Offenses. http://www.in.gov/idoc/files/02-04-101_APPENDIX_I-OFFENSES_6-1-2015(1).pdf. The
Conduct Report charged Hale as follows:
On January 5, 2017 at approximately 7:30 am, I was monitoring offender phone calls
and heard offender Hale, Michael DOC #884687 make a call to (574) 440-4882 on
offender Russell, Billy’s DOC #998136 account. At 2 minutes 14 seconds into the
call he received five pay pal numbers. On offender Russell’s account the number
belongs to Ashley Ross. On offender Hale’s account he has the number belonging
to Dawn Julian. I called IDU to confirm offender Hale was the only one out at
recreation at that time.
The DHO had sufficient evidence to find Hale guilty. A Conduct Report alone can be
sufficient evidence to support a finding of guilt. McPherson, 188 F.3d at 786. Such is the case here.
The reporting officer heard an offender make a call in which he received several 10-digit numbers.
The reporting officer recognized Hale’s voice on the phone, perhaps because Hale has a history of
trying to obtain PayPal accounts at ISP. See Hale v. Superintendent, 3:16-cv-579 (N.D. Ind. filed
on August 29, 2016). Upon further investigation, the reporting officer discovered that Hale was the
only prisoner who was at recreation at the time the call was made. Thus, it appears that Hale was
the only inmate who could have made the phone call at the time it was placed. The officer associated
the 10-digit numbers Hale received as PayPal account numbers. PayPal Cash Card account numbers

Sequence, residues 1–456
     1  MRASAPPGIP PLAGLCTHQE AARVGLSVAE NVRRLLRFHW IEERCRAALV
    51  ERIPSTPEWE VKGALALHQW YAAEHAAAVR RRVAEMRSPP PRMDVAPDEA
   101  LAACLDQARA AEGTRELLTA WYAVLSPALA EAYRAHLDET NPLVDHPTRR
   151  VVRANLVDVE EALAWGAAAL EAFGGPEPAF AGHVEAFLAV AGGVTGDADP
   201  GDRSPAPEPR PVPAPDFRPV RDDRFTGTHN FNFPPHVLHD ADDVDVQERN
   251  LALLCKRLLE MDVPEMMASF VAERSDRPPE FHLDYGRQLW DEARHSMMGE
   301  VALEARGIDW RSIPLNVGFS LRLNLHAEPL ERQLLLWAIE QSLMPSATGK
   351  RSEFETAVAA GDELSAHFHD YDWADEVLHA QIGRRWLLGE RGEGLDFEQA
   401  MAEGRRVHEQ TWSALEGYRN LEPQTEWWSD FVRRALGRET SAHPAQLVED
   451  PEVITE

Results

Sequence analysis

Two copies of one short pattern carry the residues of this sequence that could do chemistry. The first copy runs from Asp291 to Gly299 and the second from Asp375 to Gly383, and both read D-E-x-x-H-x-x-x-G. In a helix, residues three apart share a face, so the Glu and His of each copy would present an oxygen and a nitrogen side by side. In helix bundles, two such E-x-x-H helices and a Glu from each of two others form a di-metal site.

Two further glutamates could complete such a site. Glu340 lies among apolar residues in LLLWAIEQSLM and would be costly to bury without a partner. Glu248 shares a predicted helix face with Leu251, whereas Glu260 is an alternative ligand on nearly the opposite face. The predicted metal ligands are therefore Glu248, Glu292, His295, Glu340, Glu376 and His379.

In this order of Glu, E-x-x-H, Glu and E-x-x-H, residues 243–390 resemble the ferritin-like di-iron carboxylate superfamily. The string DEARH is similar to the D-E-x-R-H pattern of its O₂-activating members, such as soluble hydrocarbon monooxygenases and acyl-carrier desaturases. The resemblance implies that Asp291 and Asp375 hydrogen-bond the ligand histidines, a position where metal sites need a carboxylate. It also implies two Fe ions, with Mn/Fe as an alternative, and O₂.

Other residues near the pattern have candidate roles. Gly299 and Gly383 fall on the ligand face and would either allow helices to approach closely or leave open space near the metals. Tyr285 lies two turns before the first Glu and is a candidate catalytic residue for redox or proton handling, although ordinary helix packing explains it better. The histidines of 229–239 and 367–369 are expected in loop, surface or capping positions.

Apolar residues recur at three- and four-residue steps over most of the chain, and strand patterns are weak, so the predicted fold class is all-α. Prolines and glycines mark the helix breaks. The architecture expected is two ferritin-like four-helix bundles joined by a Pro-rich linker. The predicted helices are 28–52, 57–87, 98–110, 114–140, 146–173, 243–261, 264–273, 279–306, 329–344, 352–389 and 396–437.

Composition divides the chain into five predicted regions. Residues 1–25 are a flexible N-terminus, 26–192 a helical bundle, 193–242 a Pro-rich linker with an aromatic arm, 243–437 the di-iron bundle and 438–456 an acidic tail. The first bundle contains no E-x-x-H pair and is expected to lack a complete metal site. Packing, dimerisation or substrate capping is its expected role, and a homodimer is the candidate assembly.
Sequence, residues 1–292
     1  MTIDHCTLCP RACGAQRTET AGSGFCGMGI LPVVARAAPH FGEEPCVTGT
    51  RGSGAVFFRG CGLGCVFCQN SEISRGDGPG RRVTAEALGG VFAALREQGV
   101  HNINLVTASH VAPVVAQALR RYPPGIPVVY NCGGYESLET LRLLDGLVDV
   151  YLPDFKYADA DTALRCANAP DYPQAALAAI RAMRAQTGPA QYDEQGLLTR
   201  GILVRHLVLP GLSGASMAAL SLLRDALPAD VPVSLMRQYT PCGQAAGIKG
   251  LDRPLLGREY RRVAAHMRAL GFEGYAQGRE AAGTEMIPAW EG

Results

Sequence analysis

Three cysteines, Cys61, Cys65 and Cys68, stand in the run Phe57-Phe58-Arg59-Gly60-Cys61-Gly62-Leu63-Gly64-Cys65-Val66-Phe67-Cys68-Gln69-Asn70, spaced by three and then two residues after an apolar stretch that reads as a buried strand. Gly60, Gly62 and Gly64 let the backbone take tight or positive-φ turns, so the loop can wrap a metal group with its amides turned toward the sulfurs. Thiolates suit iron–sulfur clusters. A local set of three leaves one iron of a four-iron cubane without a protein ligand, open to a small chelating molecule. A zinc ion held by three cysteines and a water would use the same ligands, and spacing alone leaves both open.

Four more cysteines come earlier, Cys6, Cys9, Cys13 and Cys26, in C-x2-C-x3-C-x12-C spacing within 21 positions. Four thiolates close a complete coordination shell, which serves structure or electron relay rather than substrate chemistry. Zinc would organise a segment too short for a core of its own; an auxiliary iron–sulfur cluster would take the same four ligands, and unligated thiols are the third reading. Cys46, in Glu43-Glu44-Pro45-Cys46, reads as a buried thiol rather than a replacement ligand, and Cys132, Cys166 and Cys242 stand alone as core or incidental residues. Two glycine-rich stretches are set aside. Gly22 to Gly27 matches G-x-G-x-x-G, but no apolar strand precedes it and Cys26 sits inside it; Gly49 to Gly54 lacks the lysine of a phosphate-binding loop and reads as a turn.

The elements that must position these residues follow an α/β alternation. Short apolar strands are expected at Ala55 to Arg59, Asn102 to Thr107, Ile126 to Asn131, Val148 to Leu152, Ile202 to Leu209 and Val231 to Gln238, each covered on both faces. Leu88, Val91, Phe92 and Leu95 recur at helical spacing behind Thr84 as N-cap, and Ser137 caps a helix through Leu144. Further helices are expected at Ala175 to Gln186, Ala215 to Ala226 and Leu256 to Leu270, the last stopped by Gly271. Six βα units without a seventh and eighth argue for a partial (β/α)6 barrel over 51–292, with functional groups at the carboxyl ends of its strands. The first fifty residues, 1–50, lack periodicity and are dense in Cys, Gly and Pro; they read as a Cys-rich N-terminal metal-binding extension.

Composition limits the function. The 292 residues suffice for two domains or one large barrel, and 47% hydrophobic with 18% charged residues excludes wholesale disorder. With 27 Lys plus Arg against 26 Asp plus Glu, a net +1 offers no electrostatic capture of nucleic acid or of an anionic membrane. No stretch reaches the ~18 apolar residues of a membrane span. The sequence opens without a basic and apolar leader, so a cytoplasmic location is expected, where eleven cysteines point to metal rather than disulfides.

are 10 digits in length. See https://www.paypal-cash.com/.
In addition to the Conduct Report, the audio recording of the phone call is evidence that Hale
engaged in an unauthorized financial transaction. See ECF 7. The woman on the telephone stated
she was giving Hale the “50 first,” and then provided Hale with the first 10-digit number. Later in
the call she states, “now the 25” and proceeds to provide him with additional 10-digit numbers. It
would not have been unreasonable for the DHO to determine that these statements referred to the
dollar amounts corresponding to each 10-digit PayPal account number.
Further, the DHO was presented with the suspicious circumstance that Hale made the call
using a different offender’s telephone account.1 In fact, the reporting officer provided evidence in
the Conduct Report that the phone number Hale called using Russell’s account was on both Hale
and Russell’s phone list, but the number was identified as belonging to two different people. From